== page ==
We are, today, at the threshold of a brand new way of life. Our world faces many challenges and looking at the future of our global civilisation can be daunting. If we act fast, however, and utilise technology to progress, these challenges can be conquered and problems overcome. As individuals, communities and businesses, it is important that we think about building a sustainable future – in terms of how we live, work and play. Good design work underpins all sustainable progress. Let us, then, take a look at what good, sustainable design really entails:
Designing for place and time
No new project exists in a vacuum. Whether we are looking at small-scale improvements in a domestic setting, a well-functioning community, or business practice, computer aided design can help us to develop systems that function within their setting. In much the same way that garden designers will create plans that take into account the sun, wind, water and other natural vectors on a site, any new technological design, structure or business information model will recognise all the external factors acting on the project. Computer aided design is the best way to model for real-world scenarios and to avoid making the mistakes of the past.
Building on the past
The past, they say, is another country. But it is a country we can learn from. Sustainable design is not about throwing out the baby with the bathwater. It is about making sure that we can build on what has gone before. Reverse engineering can help us to understand the technology, structures and practices of the past, to recreate what works and improve what we can. Truly sustainable design is that which acknowledges the mistakes and triumphs of the past and works to build on them to create something not just as good but something better for the future.
Sometimes, however, computer aided design can lead us in new and often unexpected directions. Technology can be used as a tool for innovation. It can help us to move outside of preconceived notions and work forward in a world where each and every facet can be honed and improved. Whether it is modelling a prototype of a new invention that can sustainable improve our way of life, best business practice for a greener, more eco-friendly world, or the framework for new communities, computer aided design can help us to find those solutions required for our planet’s problems, large or small.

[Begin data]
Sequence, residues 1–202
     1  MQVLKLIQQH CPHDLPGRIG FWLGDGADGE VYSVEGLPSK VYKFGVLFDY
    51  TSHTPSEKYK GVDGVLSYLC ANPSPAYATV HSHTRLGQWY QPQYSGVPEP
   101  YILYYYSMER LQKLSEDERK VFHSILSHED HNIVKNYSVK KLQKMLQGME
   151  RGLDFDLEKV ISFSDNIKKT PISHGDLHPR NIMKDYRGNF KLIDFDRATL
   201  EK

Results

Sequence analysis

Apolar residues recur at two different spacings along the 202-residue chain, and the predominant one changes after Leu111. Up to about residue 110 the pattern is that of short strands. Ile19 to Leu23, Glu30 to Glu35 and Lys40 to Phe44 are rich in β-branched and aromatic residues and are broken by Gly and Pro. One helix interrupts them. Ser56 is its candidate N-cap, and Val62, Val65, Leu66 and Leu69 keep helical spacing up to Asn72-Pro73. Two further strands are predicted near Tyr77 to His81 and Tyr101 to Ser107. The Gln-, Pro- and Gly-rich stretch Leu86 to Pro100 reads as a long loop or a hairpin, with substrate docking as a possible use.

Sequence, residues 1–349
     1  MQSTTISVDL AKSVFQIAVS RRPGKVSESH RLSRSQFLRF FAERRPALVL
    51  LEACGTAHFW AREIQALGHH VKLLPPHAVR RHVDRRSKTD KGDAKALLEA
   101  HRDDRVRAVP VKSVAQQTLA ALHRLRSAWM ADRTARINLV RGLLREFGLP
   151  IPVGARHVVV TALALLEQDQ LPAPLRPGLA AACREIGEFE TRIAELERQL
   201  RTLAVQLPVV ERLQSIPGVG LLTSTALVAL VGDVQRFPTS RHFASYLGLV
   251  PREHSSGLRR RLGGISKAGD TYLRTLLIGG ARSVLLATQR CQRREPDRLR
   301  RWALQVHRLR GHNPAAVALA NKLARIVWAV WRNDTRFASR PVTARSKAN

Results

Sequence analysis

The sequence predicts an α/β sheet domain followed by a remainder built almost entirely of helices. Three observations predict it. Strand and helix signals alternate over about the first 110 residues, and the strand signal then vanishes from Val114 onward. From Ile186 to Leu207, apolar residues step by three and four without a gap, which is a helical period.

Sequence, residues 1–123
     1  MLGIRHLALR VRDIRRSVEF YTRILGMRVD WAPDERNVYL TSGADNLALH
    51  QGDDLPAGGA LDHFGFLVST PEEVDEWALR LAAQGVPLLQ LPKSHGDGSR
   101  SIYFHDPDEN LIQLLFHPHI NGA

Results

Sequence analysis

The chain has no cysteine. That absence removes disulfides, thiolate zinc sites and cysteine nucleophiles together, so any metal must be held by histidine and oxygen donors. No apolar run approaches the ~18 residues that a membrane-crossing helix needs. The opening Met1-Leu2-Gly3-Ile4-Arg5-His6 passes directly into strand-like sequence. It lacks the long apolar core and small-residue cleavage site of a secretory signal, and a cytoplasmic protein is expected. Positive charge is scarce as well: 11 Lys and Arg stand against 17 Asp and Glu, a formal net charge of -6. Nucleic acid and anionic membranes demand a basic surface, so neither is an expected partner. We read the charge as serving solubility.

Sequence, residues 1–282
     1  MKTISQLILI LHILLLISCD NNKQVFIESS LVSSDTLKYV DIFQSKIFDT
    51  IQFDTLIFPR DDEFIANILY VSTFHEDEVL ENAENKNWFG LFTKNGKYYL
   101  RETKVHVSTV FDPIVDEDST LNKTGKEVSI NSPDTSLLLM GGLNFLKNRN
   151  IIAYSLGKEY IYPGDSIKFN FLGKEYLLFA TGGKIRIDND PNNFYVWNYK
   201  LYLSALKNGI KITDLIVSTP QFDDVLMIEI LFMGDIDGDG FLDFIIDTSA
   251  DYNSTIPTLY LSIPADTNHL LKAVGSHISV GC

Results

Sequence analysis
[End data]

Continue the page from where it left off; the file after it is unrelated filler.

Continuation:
Joined up thinking
Good, sustainable design is about integration, not segregation. From the simplest components, the largest solutions can grow. Using joined up thinking in design means thinking about a project from beginning to end, from inception to manufacture. Computer aided design makes it easier to model using this concept of ‘joined up thinking’, whether we are talking about the reverse engineering of an existing project or paradigm, the creation of a new prototype, or a wider picture with business information modelling. Technology can take us beyond our human limitations and allow us to think outside the box, in all sorts of ways.
Reducing need, maximising yield
Fundamentally, sustainable progress demands that we reduce consumption of finite resources and move towards a future of plenty by utilising technology to create a world run on renewable resources. Computer aided design can help us to model systems and structures that reduce need, reduce waste and maximise yield – whatever that yield may be. Through design and modelling, we can learn how these outcomes can best be achieved, without causing more problems for our planet.
In the context of sustainability and eco-friendly practice, technology is often demonised. But technology offers solutions for those interested in building a better future through sustainable design. Moving forward, technology and effective computer aided design offer hope for humanity’s future.